We’ve made 40pc on this mining stock – is it time to sell?

The combination of a mid-teens percentage capital gain and a special dividend in the wake of last year’s sale of the Russian business means we have a total return of around 25pc following our initial analysis. 

The final dividend for 2023, worth 40.3p per share, will be paid on May 14 to top up the pot, and analysts expect a broadly unchanged full-year payment in 2024, which equates to a near-4pc yield. That means investors are being paid as they wait for the cycle to turn and given time for Mondi’s investment programme to bear fruit – the bulk of the spending will be finished at the end of this year. This is one reason why analysts think pre-tax income will jump by a third in 2025.

In the meantime, the valuation and balance sheet will hopefully give us some downside protection. Mondi’s £6.6bn stock market value compares to £5.2bn of shareholders’ funds, for a “price-to-book” multiple of barely 1.25 times. The net cash position represents only 10pc of shareholders’ funds. Financial gearing is low and interest cover is good.

Questor says: hold

Ticker: MNDI

Share price at close: £15.33

Update: Anglo American

As it happens, Anglo American spun out Mondi back in 2007, and even more dramatic changes may now be afoot. Our thesis that the mining giant looked too cheap relative to the valuation of its assets (not to mention its average earnings power of the course of a cycle) looks to be playing out, with an opportunistic, all-stock bid from fellow digger BHP.

BHP’s plan is to get Anglo American to demerge the assets which are listed on the Johannesburg exchange, namely Anglo American Platinum and the Kumba iron ore business. The would then scoop up the rest with an offer that works out around £25 a share.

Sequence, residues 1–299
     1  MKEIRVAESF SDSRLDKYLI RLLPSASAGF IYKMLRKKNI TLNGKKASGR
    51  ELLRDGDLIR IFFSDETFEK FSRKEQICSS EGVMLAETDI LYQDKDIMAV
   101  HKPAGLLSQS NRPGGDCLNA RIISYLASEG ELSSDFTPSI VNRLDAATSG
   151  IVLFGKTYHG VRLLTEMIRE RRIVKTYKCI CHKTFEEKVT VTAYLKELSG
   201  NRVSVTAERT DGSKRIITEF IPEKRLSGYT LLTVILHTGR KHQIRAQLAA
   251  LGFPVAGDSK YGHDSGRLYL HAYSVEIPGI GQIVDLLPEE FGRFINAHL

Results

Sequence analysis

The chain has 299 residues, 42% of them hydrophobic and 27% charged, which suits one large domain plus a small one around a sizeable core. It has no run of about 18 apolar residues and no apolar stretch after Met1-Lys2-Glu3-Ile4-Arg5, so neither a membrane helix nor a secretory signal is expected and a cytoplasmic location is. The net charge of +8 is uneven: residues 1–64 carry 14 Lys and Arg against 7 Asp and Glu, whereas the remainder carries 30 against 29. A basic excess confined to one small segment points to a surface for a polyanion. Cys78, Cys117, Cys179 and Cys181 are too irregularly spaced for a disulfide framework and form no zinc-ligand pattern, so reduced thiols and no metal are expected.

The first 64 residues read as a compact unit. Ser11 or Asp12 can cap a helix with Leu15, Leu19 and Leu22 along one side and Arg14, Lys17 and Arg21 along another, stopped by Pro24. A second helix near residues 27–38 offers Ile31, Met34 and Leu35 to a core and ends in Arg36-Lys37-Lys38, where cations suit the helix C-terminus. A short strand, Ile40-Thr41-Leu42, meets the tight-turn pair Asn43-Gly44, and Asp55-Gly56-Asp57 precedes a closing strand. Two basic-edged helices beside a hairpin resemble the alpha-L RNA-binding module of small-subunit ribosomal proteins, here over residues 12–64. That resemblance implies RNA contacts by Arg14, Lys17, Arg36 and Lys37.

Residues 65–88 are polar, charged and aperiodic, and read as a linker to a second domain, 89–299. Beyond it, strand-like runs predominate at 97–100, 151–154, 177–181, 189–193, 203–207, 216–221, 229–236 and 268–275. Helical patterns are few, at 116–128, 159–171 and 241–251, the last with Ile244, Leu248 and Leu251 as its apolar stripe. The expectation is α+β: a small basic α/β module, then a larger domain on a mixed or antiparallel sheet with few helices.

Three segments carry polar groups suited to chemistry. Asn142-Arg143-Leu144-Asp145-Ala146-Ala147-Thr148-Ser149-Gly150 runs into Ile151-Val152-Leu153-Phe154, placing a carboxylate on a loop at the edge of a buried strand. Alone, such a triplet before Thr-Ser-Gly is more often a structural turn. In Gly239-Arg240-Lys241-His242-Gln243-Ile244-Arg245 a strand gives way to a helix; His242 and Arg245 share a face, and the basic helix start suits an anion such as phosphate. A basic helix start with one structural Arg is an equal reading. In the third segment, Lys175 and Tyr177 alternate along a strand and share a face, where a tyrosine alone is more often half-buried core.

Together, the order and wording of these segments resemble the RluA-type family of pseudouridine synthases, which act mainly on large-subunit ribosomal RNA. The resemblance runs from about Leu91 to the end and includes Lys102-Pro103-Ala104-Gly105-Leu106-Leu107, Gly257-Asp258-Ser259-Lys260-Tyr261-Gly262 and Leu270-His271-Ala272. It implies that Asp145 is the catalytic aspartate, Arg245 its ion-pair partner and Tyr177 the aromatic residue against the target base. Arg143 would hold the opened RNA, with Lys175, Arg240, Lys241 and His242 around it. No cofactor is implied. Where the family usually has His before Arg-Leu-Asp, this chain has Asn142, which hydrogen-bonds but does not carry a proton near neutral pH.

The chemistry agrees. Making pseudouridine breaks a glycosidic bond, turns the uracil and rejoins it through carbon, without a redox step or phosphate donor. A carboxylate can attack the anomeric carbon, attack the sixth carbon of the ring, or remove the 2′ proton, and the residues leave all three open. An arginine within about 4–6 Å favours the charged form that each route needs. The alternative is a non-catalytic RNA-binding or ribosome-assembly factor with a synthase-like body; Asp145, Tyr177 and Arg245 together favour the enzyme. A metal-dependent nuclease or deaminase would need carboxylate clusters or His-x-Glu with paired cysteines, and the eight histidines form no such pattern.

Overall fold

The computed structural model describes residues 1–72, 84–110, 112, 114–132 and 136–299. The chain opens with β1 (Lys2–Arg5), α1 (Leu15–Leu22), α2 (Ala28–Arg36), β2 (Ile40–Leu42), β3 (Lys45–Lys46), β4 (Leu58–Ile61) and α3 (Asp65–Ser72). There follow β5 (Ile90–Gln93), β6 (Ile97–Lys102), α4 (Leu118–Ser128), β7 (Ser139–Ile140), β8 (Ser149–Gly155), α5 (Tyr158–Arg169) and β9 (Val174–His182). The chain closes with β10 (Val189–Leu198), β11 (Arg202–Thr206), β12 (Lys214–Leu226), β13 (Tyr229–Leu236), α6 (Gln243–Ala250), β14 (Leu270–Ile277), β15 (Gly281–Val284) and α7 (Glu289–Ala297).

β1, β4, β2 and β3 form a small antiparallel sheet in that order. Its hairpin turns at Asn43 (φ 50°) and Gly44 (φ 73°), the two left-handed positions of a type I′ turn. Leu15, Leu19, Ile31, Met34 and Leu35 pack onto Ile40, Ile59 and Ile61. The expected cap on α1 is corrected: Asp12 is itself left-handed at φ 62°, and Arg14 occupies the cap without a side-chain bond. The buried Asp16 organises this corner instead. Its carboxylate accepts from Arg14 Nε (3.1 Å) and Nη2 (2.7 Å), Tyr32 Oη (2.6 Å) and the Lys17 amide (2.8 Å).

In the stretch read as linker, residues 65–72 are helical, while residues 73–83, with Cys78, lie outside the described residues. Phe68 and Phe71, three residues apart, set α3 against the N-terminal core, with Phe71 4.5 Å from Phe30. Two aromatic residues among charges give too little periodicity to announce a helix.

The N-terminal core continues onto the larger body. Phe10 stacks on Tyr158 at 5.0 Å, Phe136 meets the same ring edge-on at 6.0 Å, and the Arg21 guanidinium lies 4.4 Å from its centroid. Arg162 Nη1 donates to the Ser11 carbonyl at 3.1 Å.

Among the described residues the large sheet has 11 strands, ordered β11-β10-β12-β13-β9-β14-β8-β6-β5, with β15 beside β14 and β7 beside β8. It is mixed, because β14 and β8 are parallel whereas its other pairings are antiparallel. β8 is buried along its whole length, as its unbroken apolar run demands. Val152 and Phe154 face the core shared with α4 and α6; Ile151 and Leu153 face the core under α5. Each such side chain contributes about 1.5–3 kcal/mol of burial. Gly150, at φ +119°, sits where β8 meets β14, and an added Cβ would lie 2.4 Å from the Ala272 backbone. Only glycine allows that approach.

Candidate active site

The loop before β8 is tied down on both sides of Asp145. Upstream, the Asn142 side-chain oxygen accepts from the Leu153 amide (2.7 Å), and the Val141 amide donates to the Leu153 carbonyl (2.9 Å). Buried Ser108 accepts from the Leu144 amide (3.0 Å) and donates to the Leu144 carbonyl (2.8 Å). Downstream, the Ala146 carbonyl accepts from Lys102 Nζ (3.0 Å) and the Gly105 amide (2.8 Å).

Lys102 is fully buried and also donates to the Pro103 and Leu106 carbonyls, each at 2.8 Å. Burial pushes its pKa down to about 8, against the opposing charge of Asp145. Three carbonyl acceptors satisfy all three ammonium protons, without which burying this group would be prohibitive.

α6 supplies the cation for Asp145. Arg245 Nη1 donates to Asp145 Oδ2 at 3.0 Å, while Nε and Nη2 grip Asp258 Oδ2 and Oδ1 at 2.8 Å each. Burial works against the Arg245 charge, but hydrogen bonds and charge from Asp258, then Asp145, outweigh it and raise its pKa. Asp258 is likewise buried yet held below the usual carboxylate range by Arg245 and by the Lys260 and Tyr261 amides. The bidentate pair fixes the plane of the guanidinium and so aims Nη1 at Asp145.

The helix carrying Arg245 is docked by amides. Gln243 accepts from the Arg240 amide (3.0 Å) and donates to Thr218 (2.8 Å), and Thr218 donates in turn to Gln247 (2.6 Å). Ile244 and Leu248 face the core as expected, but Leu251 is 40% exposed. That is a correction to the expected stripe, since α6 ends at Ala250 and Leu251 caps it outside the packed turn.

BHP, which still has a secondary listing in London after 2021’s switch of its primary listing to Sydney, is particularly interested in Anglo American’s copper mines, so other assets, such as the De Beers diamond operation, could be reassessed over time.

Anglo American’s chief executive, Duncan Wanblad, and the board are pushing back on the bid, in the view it is too low. We are inclined to agree but this initial sparring still leaves us sat on a paper gain of more than 40pc on Anglo American’s shares, with the spotlight shining firmly on the miner’s lowly valuation.

Risk-averse investors might like to lock in a quick gain and perhaps sell down to the value of their initial stake, to give themselves a free ride. More aggressive portfolio builders may prefer to hang on, in the view that a higher bid could be coming, or at least that BHP’s stratagem pushes Anglo American’s board into more dramatic action of its own.

Questor says: hold

Ticker: AAL 

Share price at close: £27.50

Read the latest Questor column on telegraph.co.uk every Sunday, Tuesday, Wednesday, Thursday and Friday from 6am.

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